The definition of management, according to Bârgau, is exercising executive, administrative, and supervisory direction of a group or organization. Management, in general, is a process that is used to achieve organizational goals (Bârgau, 2015). When I worked at the United States Post Office, I worked under Mr. Santisteven, who would manage us in our day to day tasks serving as an assistant Postmaster. His work was primarily administrative, but he would often be out on the floor micromanaging as we sorted mail. He was very by the book and made a point of holding us to the rules and regulations. He was not very lenient when it came to our schedules, did not approve of us working overtime and would often sit at his desk glaring almost. This kind of made work uncomfortable. Our main tasks were sorting packages into route bins which we started at 3am. There were 6 of us there every morning to do this and Mr. Santisteven would not arrive until 5am. In those 2 hours we would often play music and talk loudly, telling jokes and laughing because we knew that we worked faster when we were all in a lighter mood. When Mr. Santisteven would arrive, the music would be turned down or turned off and we would each become rather silent. While this was kind of a bummer, it was important for us to tone it down as the mail carriers were also arriving and that meant we needed to be more safety minded. This wasn’t a problem for us, and even with his authoritative manner we always tried our best to make sure we kept our times and to get the carriers out as soon as possible.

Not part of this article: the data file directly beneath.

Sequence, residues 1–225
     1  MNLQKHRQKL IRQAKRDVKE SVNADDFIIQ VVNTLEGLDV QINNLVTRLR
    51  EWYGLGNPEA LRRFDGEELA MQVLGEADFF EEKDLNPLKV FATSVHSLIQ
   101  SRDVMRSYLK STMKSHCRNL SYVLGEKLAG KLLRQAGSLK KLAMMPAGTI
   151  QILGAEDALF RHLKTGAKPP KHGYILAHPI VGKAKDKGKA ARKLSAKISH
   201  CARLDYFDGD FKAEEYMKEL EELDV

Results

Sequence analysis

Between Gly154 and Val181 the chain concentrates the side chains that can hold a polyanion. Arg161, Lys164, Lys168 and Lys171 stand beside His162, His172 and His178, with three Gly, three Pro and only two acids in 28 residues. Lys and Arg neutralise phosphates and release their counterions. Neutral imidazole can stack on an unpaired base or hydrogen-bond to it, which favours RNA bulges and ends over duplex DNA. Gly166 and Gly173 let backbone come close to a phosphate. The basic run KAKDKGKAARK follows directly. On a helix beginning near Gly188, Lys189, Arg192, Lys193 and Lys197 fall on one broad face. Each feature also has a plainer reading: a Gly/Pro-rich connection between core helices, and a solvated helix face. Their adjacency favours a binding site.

The way that both of my supervisors are similar is that they both wanted results, as bosses should, they just went about getting them in different ways. While I do enjoy the leadership style of Mr. Neff more than that of Mr. Santisteven, there are times that he can also be a bit of a micromanager. I find it to be a bit surprising considering how he takes time to understand our learning styles in order to help us improve on our own work. It is almost like he doesn’t trust us. If I were to suggest any changes or improvements, it would be that he should trust us to be able to complete our daily tasks; he is the one who taught us afterall.
With regard to Mr. Santisteven, I would say there is a lot of room for him to improve. He would usually come off very cold, and I can’t recall a time he smiled. I think if he changed his demeanor a bit and not come off as a cold person he might have a better reaction from his subordinates. Additionally, I think that if he used more leadership skills to include into his management style, I think he could be more effective and taken more seriously as a postmaster.
Mr. Neff’s leadership style is one that I truly appreciate. I have never felt so comfortable or more confident in my abilities. I think it is so incredible how he takes time out of his incredibly busy day to meet with any of his staff who need his assistance. He is truly inspiring as a leader and hope that I will be able to emulate those skills as I progress through my career.
One way that I think that I can implement some of his skills, is by sitting with the case managers and getting to know them better. I have only been in this department for about 7 months and while I do assist them with day to day tasks, I don’t truly know what all they do. I think that by making that personal connection I’ll be able to better understand the potential of each case manager and also incorporate tasks into my routine that assist them further.
Bârgau, M. (2015). LEADERSHIP VERSUS MANAGEMENT. Romanian Economic and Business Review, 10(2), 197-204. Retrieved from https://csuglobal.idm.oclc.org/login?url=https://search-proquest-com.csuglobal.idm.oclc.org/docview/1700066847?accountid=38569
Kibort, P. (2004). Management vs. leadership. Physician Executive, 30(6), 32-35.